Disclaimer: I do not own 'The Kite Runner' or any of the characters therein. I don't make any money from writing fanfiction.


He won! He won! Thank Allah, he won!

Hassan raced down the alleyway, following his intuition. The other kite runners always ran after the kite, but Hassan ran with the wind. Feeling
as light as air, he jumped over a spilled garbage container. The freed trash crumpled under his feet. Shopkeepers looked up at him as he passed and smiled to themselves. To them, he was just another Afghan boy taking part in the tournament. Not a Hazara. Just another boy.

So this was what freedom felt like.

Around the corner he flew, pushed forward by the warm wind at his back. He wasn't very familiar with this part of town, although he had been here a few times. It wasn't a busy area. The wind twisted and changed direction, cooling the sweat on the back of his neck. He dashed down a side street to account for the wind's change.

Baba would be so proud of Amir when he presented him with the finalist's kite. Hassan pumped his legs even harder. He was short of breath and had it stitch in his side, but nothing was going to stop him from getting the kite for his best friend.

He spared a glance behind him. A big blue diamond waved at him from the sky. The kite would land in another minute. Exhausted, Hassan stopped running and bent over, hands on his knees, taking in big gulps of air. He was far enough ahead of the kite that it should land where he was standing. Even if the wind changed again, he wouldn't have to run very far.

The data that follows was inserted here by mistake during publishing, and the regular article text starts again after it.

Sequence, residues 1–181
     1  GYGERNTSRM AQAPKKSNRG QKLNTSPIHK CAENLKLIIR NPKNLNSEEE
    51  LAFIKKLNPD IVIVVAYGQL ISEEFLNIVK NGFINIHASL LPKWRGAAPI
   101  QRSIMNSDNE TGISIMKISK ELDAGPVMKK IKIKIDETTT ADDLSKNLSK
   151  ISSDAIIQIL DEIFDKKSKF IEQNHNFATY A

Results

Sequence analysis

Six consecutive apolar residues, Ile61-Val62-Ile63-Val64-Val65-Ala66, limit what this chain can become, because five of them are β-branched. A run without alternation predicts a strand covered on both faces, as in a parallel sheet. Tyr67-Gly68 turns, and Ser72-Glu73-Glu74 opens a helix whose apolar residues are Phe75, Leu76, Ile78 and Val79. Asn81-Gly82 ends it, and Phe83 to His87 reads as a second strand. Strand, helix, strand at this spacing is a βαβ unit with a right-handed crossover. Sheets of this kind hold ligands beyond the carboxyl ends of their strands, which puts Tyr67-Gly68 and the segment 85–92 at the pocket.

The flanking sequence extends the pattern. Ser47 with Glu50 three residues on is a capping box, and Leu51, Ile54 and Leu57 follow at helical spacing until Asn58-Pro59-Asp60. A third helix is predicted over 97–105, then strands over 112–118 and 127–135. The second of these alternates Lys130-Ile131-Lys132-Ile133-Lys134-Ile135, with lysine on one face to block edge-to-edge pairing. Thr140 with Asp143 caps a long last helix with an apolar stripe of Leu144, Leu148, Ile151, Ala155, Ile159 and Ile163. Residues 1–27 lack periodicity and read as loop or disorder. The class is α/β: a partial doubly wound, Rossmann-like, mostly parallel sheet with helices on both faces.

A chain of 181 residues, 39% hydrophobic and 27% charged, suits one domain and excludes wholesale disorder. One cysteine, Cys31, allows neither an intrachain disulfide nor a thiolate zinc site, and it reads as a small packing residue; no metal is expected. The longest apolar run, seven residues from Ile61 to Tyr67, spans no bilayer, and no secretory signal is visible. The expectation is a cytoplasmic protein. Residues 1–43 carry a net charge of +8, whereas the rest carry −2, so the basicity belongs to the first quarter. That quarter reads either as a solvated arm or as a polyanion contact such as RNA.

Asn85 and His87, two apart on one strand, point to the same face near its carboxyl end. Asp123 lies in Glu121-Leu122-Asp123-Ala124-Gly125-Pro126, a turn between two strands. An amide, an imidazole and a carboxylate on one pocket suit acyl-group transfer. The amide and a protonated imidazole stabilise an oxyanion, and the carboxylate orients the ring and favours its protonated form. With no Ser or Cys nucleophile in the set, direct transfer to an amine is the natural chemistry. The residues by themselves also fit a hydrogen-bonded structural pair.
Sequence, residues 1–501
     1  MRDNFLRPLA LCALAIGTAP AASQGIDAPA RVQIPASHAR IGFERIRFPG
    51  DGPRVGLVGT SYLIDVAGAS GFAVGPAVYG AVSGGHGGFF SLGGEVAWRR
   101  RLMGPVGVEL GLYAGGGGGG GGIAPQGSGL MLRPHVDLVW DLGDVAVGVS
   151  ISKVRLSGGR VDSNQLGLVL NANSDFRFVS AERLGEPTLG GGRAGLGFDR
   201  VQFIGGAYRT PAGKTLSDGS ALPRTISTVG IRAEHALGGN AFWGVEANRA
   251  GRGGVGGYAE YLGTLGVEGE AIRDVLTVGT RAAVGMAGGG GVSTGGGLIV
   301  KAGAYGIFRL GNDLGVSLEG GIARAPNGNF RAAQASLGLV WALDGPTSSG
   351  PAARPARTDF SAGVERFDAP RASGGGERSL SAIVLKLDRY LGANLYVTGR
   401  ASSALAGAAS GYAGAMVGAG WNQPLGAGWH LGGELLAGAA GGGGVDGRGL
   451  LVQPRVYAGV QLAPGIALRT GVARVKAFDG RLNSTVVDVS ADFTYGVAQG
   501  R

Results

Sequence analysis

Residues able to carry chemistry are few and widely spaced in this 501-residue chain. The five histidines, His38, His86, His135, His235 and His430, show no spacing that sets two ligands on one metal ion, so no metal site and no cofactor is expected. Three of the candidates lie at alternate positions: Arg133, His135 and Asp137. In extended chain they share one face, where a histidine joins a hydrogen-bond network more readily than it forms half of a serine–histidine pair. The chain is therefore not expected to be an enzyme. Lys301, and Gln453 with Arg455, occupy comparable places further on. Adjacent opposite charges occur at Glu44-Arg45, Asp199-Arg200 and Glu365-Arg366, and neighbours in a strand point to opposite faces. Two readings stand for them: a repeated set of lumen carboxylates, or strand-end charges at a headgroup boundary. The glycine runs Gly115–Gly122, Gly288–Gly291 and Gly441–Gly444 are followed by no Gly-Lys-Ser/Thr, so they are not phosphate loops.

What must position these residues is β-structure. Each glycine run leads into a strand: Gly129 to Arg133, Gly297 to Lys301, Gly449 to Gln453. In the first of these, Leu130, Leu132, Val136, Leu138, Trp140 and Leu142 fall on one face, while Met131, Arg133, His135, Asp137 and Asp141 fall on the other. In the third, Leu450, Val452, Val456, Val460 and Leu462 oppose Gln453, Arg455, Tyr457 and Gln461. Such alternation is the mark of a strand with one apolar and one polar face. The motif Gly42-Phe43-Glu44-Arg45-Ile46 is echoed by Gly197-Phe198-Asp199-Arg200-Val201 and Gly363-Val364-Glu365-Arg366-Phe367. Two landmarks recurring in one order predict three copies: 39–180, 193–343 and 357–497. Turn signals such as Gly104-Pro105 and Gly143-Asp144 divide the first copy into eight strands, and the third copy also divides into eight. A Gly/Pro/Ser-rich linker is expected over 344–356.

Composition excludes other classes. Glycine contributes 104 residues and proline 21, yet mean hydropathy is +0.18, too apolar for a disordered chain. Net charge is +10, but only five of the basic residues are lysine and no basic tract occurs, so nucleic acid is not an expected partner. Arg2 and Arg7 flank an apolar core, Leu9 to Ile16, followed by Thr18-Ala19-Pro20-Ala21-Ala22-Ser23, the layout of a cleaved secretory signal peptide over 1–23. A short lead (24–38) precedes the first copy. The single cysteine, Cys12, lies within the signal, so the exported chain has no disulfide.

Standing at the crossing of two dirt roads, he watched the kite as it spun in circles, dancing this way and that. It was to his left now, but the wind would probably send it over his way.

Probably.

So far he had always been right. Hassan knew he had a knack for knowing where kites would land. Still, he felt an uneasy grow in the bottom of his stomach. The same unease that made all the runners in town follow the kite and not the wind. But this was the most important kite that Amir had ever cut. What if…?

Eyes still on the kite, Hassan began shuffling to the left.

What if he was wrong this time? He was still closer than any of the other boys. Surely it wouldn't hurt if he went just a little far over–

Bash!

Hassan fell to the ground.

So did the other person.

"Ah! I'm so sorry!" Hassan apologized; face still planted in the dirt. "Forgive me; I didn't look where I was going." He got up and dusted off his pants before rising fully to look at the other person.

She's beautiful.

A pair of beautiful brown eyes looked up at him from the sweetest face he had ever seen.

"Oh, no, no, I'm sorry," she stuttered, "I wasn't paying attention to where I was going. It's my fault! I just rounded the corner and… well… I'm really sorry!" she blurted out, still sprawled on the ground.

Hassan just stared at her.

She flushed and quickly picked herself up off of the road.

"Umm, I mean I was kind of… well I… I should have looked around the corner, and I'm really sorry, and I hope you're okay –"

She continued to ramble on. Hassan was glad that she talked so much, even if it was unusual for a girl. He didn't think he could speak even if he had to. She had beautiful eyes.

"- and I guess we just went around the corner at the same time."

An awkward pause hung in the air.

Oh, she stopped talking.

He should say something.

Nothing came to mind.

"Umm, so sorry again, but my mother is expecting me so I have to go. I said I would help her since it's the tounament, so umm," she trailed off, hoping for some kind of response from the silent boy.